What is your take on all the unrest and protests occurring right now?
My take on the unrest lies in the root of racism, which to me is perverse economic oppression of a class of people. This is not being addressed politically or alongside the protests. ‘I CANT BREATHE’ economically is as big a problem as ‘I Can’t Breathe’ with your knee on my neck or your bullet in my back. It’s time to vote out Trickledown Economics. Vote in a Flat Tax. Desegregate poverty by bringing the minimum hourly wage to $35.00 w/benefits; bring back labor jobs to Americans, thus bringing back middle class status to all impoverished races and stabilizing the current middle class. People deserve good opportunity. ‘We The People’ have a right to this middle class opportunity by our tax dollars alone. Classism = Racism.
How are you handling the coronavirus situation?
I’m handling the coronavirus situation as best I can. Using the time to replenish, educate myself more, evolve. When it’s over I’ll be ready for what comes. Meditation has been key.
What books/authors have made an impact on you?
Elizabeth Gilbert – Committed. A great book on romantic relationships/marriage.
Gregory David Roberts – Shantaram. A great book on someone overcoming impossible odds. He eventually wrote a book about it to become one of Oprah’s favorites.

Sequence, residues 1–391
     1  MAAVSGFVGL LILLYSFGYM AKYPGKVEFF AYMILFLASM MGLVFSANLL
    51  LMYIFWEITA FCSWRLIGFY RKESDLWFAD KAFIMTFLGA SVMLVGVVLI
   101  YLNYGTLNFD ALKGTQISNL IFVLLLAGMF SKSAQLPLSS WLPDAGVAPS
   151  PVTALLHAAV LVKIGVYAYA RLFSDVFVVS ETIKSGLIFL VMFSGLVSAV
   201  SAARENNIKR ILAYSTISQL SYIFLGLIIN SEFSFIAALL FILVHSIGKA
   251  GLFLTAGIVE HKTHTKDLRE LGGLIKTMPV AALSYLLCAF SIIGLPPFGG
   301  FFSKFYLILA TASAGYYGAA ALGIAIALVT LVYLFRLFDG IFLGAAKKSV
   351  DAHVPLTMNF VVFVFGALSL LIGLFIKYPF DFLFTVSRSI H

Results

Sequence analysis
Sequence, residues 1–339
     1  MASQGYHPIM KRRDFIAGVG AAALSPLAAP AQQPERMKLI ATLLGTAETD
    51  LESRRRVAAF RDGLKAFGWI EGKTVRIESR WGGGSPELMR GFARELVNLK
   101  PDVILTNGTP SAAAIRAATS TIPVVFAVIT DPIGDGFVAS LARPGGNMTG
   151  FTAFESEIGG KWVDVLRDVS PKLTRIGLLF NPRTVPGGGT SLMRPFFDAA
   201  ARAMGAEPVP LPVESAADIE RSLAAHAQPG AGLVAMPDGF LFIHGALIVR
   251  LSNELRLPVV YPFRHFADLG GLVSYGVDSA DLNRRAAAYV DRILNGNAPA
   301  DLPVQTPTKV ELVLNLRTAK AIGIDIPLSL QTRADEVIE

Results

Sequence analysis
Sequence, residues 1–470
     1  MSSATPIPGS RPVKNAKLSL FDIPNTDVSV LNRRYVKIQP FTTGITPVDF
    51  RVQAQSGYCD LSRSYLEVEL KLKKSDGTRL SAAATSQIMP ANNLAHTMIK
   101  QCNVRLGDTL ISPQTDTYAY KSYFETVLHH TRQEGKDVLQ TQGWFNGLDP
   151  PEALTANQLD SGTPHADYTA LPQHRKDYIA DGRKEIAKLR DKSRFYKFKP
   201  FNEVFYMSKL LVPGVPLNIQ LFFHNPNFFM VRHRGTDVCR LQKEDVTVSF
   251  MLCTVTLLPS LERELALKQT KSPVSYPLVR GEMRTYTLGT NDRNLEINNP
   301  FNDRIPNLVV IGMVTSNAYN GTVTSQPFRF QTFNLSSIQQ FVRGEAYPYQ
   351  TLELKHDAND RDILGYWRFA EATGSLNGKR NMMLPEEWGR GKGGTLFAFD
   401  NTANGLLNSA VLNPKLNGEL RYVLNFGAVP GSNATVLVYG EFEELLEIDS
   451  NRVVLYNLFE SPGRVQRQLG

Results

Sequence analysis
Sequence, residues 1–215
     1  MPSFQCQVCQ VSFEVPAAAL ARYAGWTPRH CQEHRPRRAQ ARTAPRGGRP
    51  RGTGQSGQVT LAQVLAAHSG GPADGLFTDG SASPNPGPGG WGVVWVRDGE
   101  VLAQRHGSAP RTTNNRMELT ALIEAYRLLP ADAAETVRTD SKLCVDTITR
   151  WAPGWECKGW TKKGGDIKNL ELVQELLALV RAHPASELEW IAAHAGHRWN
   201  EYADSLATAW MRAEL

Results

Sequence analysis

Mike Doodley – Infinite Possibilities. A guide on how to turn your life upwards.
Name your Top 5 reads by Black Authors?
Alex Haley – Roots. Had I not seen Roots in my 5-6th grade classroom, I would have never understood the pain of racism I’d face in my own lifetime from both sides of the race coin.
Maya Angelou – I Know Why the Caged Bird Sings. She taught you can forgive the unforgivable.
Toni Morrison – Playing in the Dark. In Song of Solomon, she wrote, “You wanna fly; you got to give up the shit that weighs you down.” In her acceptance speech for the Nobel Prize for Literature, she said, “We die. That may be the meaning of life. But we do language. That may be the measure of our lives.”
There’s nothing more to say, she said it all.
James Baldwin – He understood the importance of fairness. He was able to break racism down with the precision of common sense served on a platter of solid intelligence. I am unable to choose which one of his books is my favorite. I recommend his essay film I Am Not Your Negro.
Martin Luther King – I HAVE A DREAM. Dr. King embodied the significance of the words “We hold these truths to be self-evident; that all men are created equal.”
I feel throughout his leadership he verbally wrote the book on how to birth a nation to include colored people with dignity, grace, and respect with equality for all mankind. We’d be wise to recognize that Trickledown Economics and the defunding of our unified public school system, since 1971, is today’s back door slavery for all impoverished races.
My personal hope is: Fair wages; Fair jobs; Fair households and Justice for All. Without it, I doubt we will have peace.